Dr Stewart Hase - Psychologically Speaking
The sounds of silence
Mostly I walk and jog for fitness and health. In fact I prescribe exercise for nearly all my patients who are able to put one foot in front of the other, stay afloat in a swimming pool or not fall off a bike. There is mounting evidence that exercise can directly help improve depressive symptoms it seems to positively affect the chemicals in the brain that become depleted in depression. There is no need to go fast (I was overtaken by a elderly lady on a Zimmer frame the other day while going up an particularly steep hill) just get the heart rate up for about an hour if exercising at walking pace and perhaps 30 minutes if more vigorously.
Anyhow, this last week my better half and I have been travelling around the South Island of New Zealand in a campervan. If you want to test your relationship spend 11 days in the confines of a campervan with very little opportunity for respite care. Mind you after 34 years I guess there is not much more to test for us other than learning how to grow old gracefully fat chance of that so far! But there is still much to learn from each other and this trip was no exception. Because I have a focus on fitness I walk quickly and my spouse complains, when we walk together, because she has much shorter legs and has to rush to keep up. On several walks, as I dragged her along in my slipstream, she pointed out that she would much rather look at the scenery, spot birds, examine the fungi on trees, and generally become engrossed in what is around her. And she told me that I was missing things by being in a rush. I guess, like most things, it is a question of motive or purpose that directs what we do and how we do it.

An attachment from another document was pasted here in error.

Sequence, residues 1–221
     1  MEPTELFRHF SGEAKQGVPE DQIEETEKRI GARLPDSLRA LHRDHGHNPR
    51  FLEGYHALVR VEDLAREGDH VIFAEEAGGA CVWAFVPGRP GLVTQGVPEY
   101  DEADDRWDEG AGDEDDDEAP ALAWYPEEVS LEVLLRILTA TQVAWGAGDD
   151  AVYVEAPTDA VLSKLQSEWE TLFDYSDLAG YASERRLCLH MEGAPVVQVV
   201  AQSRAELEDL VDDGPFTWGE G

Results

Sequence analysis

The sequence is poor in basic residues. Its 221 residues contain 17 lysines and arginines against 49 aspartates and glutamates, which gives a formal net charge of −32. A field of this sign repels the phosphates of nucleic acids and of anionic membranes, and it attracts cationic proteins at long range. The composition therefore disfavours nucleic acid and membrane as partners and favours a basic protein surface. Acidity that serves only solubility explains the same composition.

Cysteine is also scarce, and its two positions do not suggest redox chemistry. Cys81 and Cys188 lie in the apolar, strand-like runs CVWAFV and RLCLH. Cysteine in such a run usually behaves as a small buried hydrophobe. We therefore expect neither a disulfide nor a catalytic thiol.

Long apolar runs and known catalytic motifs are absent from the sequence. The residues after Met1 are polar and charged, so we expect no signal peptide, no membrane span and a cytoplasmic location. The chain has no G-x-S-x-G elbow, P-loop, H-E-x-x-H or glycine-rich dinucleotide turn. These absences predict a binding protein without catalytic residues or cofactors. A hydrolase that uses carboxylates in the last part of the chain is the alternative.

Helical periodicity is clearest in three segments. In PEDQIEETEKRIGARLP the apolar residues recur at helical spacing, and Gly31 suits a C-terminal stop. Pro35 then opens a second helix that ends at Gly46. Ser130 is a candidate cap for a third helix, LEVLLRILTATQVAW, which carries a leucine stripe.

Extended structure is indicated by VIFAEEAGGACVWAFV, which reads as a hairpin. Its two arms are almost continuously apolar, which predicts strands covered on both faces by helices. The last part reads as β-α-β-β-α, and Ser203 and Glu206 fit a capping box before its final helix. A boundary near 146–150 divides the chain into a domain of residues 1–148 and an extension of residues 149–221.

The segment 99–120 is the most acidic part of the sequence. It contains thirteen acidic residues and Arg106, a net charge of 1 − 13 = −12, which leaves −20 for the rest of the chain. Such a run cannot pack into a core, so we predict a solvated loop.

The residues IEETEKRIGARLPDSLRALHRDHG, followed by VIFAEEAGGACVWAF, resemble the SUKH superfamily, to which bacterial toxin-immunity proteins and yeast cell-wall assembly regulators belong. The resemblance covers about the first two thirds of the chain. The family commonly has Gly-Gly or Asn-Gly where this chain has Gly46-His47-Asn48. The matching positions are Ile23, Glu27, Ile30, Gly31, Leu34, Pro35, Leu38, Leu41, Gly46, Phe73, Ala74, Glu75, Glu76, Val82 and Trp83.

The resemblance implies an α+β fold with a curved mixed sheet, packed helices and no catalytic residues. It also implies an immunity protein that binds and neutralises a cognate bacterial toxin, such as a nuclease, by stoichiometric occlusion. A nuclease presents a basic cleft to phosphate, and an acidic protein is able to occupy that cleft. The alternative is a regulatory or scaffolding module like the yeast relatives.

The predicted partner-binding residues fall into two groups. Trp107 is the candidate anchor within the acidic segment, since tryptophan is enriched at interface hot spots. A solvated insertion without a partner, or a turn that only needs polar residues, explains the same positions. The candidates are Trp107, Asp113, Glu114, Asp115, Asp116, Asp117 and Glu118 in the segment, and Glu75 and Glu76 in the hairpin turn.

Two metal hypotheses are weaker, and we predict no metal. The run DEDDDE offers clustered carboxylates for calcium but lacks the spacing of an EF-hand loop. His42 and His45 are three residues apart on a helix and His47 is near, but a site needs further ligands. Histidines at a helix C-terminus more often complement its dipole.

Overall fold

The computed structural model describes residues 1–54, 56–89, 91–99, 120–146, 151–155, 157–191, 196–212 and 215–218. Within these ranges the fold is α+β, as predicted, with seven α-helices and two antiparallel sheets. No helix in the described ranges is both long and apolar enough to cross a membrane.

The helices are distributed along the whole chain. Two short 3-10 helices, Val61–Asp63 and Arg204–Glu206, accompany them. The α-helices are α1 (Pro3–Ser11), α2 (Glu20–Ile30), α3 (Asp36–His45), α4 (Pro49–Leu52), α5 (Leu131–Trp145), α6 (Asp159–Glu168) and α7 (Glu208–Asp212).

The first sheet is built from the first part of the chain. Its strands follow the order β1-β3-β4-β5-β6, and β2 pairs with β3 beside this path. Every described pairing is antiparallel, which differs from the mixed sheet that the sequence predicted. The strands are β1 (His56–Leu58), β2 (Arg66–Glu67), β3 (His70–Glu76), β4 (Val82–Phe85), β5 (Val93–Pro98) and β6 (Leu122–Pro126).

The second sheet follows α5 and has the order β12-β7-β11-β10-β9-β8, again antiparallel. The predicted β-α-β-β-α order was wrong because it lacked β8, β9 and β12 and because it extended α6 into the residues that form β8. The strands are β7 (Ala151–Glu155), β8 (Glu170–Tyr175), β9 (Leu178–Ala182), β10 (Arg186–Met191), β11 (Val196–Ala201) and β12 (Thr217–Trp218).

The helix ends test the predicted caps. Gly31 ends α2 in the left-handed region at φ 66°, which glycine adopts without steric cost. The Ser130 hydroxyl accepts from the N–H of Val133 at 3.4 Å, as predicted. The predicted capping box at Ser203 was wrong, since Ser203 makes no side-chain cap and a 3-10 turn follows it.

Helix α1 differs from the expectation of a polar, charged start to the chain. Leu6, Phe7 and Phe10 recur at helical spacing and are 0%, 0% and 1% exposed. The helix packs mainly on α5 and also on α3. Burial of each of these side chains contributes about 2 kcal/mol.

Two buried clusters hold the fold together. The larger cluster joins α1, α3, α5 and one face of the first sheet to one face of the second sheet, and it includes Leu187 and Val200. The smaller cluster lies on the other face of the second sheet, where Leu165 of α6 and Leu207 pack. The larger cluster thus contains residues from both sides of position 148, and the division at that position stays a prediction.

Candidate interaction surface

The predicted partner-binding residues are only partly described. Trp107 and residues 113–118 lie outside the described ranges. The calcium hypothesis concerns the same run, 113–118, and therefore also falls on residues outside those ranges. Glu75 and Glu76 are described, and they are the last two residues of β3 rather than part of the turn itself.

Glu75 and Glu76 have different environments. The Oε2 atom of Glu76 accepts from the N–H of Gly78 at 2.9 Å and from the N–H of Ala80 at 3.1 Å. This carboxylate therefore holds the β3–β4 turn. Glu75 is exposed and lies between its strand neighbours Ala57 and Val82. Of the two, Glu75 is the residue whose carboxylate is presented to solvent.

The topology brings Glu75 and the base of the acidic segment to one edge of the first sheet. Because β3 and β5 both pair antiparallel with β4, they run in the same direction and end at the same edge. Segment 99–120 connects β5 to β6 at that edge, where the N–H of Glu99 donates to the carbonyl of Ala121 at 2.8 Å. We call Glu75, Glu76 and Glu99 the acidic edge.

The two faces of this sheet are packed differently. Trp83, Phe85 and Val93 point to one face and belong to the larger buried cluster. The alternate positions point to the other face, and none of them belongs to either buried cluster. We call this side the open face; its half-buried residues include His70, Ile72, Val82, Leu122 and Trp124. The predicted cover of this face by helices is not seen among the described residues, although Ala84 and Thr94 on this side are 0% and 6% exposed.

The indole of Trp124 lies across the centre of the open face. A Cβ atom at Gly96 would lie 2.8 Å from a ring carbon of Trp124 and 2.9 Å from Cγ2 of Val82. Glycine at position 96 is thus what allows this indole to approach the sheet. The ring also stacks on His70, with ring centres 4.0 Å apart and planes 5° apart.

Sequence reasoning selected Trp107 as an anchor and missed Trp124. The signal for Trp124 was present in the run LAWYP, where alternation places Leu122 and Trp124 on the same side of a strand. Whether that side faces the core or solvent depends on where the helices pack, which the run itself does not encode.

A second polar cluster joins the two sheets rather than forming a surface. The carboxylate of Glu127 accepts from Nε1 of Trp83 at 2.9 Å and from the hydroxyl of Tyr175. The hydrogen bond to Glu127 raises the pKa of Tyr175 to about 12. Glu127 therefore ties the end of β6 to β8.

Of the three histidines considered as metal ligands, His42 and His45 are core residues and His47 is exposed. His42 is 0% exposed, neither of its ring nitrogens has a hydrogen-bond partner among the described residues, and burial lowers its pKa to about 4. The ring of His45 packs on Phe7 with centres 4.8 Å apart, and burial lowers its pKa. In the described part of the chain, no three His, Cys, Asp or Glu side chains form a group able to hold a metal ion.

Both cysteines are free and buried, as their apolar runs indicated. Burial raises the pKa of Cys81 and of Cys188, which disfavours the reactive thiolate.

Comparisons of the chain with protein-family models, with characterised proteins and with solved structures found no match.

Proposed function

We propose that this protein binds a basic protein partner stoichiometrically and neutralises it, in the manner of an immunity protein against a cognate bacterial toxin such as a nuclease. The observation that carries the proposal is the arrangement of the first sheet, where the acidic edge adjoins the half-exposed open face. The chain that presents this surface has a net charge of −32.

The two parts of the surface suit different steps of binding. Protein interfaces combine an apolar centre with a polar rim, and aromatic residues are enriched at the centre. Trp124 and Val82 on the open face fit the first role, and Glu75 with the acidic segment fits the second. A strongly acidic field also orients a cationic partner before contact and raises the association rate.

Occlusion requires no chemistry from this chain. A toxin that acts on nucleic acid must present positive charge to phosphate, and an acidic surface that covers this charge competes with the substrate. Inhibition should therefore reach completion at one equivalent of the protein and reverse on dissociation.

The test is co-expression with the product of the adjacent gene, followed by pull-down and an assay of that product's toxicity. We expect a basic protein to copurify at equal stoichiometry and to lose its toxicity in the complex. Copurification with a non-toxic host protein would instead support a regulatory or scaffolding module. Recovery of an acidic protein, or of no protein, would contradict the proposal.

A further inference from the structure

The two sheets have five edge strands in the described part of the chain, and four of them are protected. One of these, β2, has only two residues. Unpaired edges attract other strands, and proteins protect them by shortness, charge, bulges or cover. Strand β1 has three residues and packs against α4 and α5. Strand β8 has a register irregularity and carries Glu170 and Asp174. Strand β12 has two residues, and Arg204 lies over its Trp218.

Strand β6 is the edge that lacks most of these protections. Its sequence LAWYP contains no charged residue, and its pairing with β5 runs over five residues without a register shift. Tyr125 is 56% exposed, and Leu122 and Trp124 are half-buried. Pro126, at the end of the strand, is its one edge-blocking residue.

Its true though isnt it? We are so often in such a rush that we miss things; important things perhaps that others are telling us, things that we can learn from or just simply enjoy and revel in. Funnily enough I had a dream a couple of days into our trip about the Buddhist notion of being in the moment, so I must have been thinking about what she had been telling me. Its surprising how much thinking we do when we are asleep although I wish the dreams that result from this thinking wouldnt be quite so weird.
Lake Matheson is on the West Coast of the South Island and underneath, although some kilometres from, Mt Cook and the two famous glaciers (Franz Josef and Fox) that glide very slowly down the mountains. I went for the hour-long walk around this lake late on a rainy day so there was no-one else around. Hustling along I suddenly remembered my dream (and her) and just stopped. Surrounded by dense rainforest on one side and silky smooth lake on the other it was absolutely quiet and I sat down to listen to nothing. The sound of silence was overwhelming; magnificent and confronting at the same time.
Of course being occupied is a way of avoiding things. It gives us a reason for not noticing things that are happening around us. A reason for not responding; for not attending to things that are perhaps a little difficult or that dont come easy. Being occupied also means that we dont spend time with ourselves either; time in quiet reflection about what we are doing with our lives, our behaviour, our relationships, about us. Like getting into an exercise program, not doing things and taking notice of things around us and ourselves can be pretty difficult to do. But very worth the effort and also part of the equation for mental health.